2017-04-06 05:05:51

A Focus on Underground Utilities - NWG Innovation Festival 2018

When the Northumbrian Water Group (NWG) held their second Innovation Festival in July 2018, it was an event like no other. The festival’s aim was to turn the concept of a typical business conference on its head. By staging the festival in an open field, complete with marquees, teepees and casually dressed attendees, NWG were going back to the roots of why people generally attend a festival: to release themselves from the predictability and routine of everyday business life. In doing so, the festival aimed to encourage a diverse group of people to think differently about innovation, and to share... (read more)
2018-10-05 11:57:52

A Hand Painted Map of the Plays of William Shakespeare

To mark the 400th anniversary of the death of William Shakespeare on 23rd April 2016, artist Jane Tomlinson painted a schematic map in his honour, showing all The Bard’s plays in their approximate locations. William Shakespeare is a towering figure in my life. I too was born and bred in Stratford-upon-Avon and his influence permeated my childhood. At primary school we got a day off on Shakespeare’s birthday to take part in the town’s celebrations. As a small child, he was as important to me as Father Christmas! Decades on, and now with a much deeper understanding of his genius,... (read more)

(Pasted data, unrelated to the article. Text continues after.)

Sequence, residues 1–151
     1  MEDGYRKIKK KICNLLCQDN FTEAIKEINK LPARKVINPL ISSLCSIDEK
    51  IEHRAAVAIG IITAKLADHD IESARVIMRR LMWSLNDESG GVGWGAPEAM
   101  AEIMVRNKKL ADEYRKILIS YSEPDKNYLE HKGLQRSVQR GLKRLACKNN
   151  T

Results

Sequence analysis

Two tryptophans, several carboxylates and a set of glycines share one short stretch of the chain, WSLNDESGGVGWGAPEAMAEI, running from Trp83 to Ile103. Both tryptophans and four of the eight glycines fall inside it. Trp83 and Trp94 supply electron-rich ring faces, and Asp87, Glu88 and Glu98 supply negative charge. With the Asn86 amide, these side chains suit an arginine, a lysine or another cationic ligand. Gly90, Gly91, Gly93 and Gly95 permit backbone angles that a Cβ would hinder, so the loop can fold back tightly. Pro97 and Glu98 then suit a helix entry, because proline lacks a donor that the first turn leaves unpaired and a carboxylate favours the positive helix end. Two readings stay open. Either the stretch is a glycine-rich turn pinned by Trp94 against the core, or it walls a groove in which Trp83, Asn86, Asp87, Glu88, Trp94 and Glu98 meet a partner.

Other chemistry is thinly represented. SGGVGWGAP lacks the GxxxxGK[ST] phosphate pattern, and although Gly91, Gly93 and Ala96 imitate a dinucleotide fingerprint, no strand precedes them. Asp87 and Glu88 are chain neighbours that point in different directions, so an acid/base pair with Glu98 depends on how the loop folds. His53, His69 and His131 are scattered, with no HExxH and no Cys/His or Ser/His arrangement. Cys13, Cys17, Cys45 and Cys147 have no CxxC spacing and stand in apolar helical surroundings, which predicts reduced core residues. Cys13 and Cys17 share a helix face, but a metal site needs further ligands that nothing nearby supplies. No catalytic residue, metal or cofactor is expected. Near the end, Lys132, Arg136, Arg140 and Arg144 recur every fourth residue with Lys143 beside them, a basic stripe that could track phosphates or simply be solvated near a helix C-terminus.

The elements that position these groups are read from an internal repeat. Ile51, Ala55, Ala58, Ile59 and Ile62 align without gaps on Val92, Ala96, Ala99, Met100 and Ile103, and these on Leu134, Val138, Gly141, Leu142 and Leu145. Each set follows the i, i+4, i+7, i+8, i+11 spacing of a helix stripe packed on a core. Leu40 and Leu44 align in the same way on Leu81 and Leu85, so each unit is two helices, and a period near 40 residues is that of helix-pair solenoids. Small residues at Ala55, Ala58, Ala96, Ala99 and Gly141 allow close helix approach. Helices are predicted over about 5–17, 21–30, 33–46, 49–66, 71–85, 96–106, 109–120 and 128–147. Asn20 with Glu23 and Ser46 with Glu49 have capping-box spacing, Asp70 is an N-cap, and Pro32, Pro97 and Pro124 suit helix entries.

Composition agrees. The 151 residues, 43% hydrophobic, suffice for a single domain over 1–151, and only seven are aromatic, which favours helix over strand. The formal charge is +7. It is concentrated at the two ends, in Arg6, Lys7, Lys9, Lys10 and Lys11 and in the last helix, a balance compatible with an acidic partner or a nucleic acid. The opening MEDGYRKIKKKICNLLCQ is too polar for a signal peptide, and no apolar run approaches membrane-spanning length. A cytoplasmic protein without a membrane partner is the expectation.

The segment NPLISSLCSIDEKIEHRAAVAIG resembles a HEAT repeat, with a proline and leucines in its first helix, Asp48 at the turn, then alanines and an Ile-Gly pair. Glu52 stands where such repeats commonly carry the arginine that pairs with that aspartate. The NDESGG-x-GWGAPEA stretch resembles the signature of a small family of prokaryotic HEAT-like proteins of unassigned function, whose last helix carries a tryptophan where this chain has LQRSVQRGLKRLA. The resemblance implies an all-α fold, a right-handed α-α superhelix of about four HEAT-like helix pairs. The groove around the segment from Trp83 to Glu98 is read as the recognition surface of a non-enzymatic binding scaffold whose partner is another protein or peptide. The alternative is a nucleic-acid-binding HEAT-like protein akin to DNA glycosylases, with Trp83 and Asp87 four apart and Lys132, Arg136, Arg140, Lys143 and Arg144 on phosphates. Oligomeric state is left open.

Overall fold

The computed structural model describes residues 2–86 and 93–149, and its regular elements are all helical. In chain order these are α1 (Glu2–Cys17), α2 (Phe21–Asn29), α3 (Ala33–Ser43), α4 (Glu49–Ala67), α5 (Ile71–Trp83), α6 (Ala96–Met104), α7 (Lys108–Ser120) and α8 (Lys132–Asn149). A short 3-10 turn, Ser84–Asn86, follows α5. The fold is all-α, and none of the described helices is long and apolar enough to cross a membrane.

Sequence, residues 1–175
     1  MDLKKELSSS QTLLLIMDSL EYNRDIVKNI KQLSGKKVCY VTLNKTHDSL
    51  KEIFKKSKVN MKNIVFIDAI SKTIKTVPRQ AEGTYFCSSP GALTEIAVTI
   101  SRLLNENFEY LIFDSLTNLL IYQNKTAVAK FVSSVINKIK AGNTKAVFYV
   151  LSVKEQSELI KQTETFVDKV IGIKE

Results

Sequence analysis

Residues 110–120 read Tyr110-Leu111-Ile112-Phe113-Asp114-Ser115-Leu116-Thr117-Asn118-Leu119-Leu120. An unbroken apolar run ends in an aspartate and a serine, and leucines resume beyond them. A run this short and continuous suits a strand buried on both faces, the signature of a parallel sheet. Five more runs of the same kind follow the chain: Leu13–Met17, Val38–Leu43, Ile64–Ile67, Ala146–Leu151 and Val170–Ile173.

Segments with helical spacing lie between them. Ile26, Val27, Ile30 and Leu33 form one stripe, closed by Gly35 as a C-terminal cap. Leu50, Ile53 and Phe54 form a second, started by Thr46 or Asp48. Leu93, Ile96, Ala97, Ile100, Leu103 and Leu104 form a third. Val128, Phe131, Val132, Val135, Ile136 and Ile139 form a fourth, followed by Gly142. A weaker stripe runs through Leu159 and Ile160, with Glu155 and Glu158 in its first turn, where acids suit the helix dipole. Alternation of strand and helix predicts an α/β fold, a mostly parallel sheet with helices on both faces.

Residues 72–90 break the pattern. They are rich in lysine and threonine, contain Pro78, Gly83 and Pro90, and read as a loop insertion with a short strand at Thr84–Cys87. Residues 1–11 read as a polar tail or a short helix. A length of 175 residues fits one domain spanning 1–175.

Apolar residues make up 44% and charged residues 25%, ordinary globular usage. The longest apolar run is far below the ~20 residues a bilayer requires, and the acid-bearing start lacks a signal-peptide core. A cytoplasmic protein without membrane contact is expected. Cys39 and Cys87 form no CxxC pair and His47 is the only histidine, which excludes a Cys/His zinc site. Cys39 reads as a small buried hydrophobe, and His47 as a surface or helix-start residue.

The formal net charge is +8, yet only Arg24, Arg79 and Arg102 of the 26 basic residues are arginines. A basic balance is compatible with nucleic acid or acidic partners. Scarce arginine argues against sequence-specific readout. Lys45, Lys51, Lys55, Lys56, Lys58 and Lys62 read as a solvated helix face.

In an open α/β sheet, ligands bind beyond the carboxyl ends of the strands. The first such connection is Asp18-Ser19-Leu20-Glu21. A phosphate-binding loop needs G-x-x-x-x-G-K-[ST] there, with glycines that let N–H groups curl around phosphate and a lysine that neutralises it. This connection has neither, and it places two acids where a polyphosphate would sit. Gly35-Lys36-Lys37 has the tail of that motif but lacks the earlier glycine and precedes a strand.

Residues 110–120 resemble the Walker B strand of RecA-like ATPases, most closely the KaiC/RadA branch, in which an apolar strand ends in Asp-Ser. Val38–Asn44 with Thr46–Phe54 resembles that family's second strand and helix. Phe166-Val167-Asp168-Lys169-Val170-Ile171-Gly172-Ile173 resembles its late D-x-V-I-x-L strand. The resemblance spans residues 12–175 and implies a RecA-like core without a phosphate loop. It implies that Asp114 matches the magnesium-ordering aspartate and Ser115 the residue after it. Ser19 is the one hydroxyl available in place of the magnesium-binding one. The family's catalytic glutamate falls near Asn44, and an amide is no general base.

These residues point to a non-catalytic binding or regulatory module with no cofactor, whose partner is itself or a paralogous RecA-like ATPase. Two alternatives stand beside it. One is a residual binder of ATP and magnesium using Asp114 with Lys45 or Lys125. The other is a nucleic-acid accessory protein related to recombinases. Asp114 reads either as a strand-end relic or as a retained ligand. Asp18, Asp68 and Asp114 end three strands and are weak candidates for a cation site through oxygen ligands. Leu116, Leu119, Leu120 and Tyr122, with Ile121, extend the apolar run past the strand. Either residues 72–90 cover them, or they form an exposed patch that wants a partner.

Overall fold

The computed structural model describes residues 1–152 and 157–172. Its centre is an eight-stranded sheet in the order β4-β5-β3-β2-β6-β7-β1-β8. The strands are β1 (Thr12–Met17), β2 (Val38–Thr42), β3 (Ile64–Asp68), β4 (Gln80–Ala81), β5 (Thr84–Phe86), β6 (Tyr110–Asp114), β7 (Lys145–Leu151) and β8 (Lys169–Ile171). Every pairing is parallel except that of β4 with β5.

2017-04-06 02:30:28

Driving Address Management Efficiency Using a Corporate Gazetteer